When we first saw the site it just asked to be shaped and planted. I took favourite plants with us and carefully made a bed in which they were temporarily housed - very temporarily as the builder plonked his concrete blocks and stuff on the top - so we lost the lot.

My sister-in-law gave me six or seven damson suckers and these do well (when the spring frost does not get to the blossom) and gifts of plants have helped immensely. We are still waiting for the Davidia to sport its handkerchiefs.

Now everything is so big, trees need pruning, in the winter ash branches crash down from eighty feet up, seedlings are out of control. Once we lived in an open site but now it increasingly looks like a clearing in the forest!

But I quite like that - we have created paths, dug a pond, made veg and fruit beds (still cannot work out why the raspberries are good this year but the strawberries are rubbish) and gaze up at the eucalyptus R put in as a four foot sapling, cricking our necks.

It is good to get down to things like gardening, in fact have just had to pop out to kitchen and get the bread going. As I use our 45 year old Kenwood chef with dough hook I wait till R goes out as it is noisy.
I make spelt flour bread - 300g white, 200g wholemeal, 1/2 teaspoon salt. Mix well. Put 1 tablespoon sugar in 300ml warm water and add 1/2 teaspoon of dried yeast. Let it get going and froth then add to flour in mixer bowl and let it rip for 5 minutes or so.

Butter well a bread tin (I had endless trouble to start with sticking loaves but a good smear of butter works well). Put dough into tin and then in a warm place to rise. When that is done I don't knock back, just into hot oven (220C Aga) 15 minutes uncovered, then 10 minutes covered with foil.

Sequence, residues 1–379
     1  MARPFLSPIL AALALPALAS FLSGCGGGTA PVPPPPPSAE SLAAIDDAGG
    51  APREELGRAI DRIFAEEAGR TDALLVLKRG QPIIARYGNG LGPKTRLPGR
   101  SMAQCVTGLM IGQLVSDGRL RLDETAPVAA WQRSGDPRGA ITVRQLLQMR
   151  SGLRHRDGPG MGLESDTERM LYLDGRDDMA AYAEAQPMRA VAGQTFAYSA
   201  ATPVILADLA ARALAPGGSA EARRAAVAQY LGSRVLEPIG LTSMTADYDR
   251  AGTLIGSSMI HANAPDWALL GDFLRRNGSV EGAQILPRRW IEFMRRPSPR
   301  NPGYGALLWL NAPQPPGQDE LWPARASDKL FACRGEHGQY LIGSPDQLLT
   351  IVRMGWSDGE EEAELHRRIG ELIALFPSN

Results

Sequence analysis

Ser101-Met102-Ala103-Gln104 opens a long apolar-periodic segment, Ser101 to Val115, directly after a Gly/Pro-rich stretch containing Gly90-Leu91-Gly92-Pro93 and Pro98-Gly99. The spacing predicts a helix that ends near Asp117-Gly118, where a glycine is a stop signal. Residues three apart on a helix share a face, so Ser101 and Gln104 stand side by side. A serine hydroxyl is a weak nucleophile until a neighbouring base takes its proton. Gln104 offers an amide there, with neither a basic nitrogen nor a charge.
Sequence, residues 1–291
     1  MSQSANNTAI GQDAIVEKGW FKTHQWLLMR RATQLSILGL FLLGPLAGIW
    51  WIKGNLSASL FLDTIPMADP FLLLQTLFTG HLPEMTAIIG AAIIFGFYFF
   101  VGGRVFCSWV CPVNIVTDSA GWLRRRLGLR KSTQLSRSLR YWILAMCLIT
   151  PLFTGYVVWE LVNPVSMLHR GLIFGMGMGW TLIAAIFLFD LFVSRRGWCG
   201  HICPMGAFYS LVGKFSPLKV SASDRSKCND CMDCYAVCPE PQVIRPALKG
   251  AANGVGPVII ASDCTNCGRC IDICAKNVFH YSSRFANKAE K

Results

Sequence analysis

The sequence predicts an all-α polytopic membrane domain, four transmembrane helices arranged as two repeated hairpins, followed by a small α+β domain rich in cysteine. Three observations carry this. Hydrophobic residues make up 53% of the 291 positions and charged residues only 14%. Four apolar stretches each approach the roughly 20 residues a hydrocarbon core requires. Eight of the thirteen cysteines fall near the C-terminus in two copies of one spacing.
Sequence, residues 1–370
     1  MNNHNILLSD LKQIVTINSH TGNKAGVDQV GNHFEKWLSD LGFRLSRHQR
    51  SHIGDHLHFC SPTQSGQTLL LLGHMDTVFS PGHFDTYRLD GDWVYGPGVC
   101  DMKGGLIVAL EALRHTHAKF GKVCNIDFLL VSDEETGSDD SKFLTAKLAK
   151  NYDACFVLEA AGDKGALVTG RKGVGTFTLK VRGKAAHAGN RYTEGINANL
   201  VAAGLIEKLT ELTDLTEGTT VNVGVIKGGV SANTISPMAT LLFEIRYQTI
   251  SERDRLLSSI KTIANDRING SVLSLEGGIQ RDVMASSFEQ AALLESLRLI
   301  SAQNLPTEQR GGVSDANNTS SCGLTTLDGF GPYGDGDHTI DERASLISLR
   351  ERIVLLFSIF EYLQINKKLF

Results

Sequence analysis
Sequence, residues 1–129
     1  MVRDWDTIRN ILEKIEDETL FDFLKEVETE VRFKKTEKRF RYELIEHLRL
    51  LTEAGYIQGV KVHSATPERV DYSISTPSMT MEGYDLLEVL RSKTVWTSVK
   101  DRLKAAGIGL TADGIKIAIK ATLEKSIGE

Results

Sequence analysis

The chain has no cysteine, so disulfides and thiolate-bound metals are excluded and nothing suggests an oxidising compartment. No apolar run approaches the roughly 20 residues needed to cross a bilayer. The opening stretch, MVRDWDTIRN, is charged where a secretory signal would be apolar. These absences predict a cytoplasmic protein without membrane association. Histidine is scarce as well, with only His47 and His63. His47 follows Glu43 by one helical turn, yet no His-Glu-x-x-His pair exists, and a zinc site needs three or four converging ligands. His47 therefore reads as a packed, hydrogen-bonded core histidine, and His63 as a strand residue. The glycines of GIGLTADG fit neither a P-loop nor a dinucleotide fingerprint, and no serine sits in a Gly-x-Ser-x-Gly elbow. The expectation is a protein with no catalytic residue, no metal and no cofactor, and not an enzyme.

Turn out, slice off end, smear with butter and get indigestion.

Thursday, 13 July 2017


Dead and dropped on the tarmac by the car, this mole or mouldywarp had been taken, probably by a hawk, possibly by a cat and left as I disturbed the predator. It must have taken a lot of animals to make a moleskin waistcoat.

And then the guided missile that is a sparrow hawk takes a fledgling blue tit in front of my eyes (well, it wouldn't be behind them). This is not much of a photo but it was a snapshot through the window - only had a few seconds.
The big whites are staring to go over,
the Rambling Rector Roses and the Philadelphus. The deutzia is done and even the white willow herb starting to seed. I think I shall have to cut that one down as it self seeds a bit too freely. It is bad enough having its runners spreading through the banking grass. On the other hand it is lovely.

Sometimes plants exceed expectations - tall plants, the eight feet tall lovage, nine feet tall rue growing up through a cherry tree, (even the foxgloves are tall) cardoons and stipa gigantea, even one broad-leaved willowherb (yes a weed) at six feet - normally smaller and widespread. Then there are the Lilium regale, stuck in a pot for four years, this year they should have been small and in need of moving - but!

So bad back, R tells me to go easy - so what do I do - weed the whole place, trim box and sarcococcus etc etc (and take paracetamol) - but cannot moan - self inflicted problem. And now - a bonfire, some heavy mowing followed by a shower and some alcoholic analgesia (just a small Peroni.)

I will, soon, have to attack the lower banking as the grass is getting too long and I cannot use the excuse of letting daffodils build up their bulbs for next year.

 The anthemis and self sown feverfew here light top a dark corner whilst Crocosmia Lucifer is blasting out its red. I put some in a vase in the church porch for the weekend - I wonder if anyone realised they had Lucifer in the church?

And then there are the ducks - by the pond. As we walk around one way the duck waddles ahead of us, just keeping out of range. Today I saw a cock reed bunting in the vegetation at the side of the water.   

We have two nests of house martins though sadly no swallows this year. Sitting out is interesting as the feeding parents zoom past our heads.

Still eating raspberries - and finally bought some cream.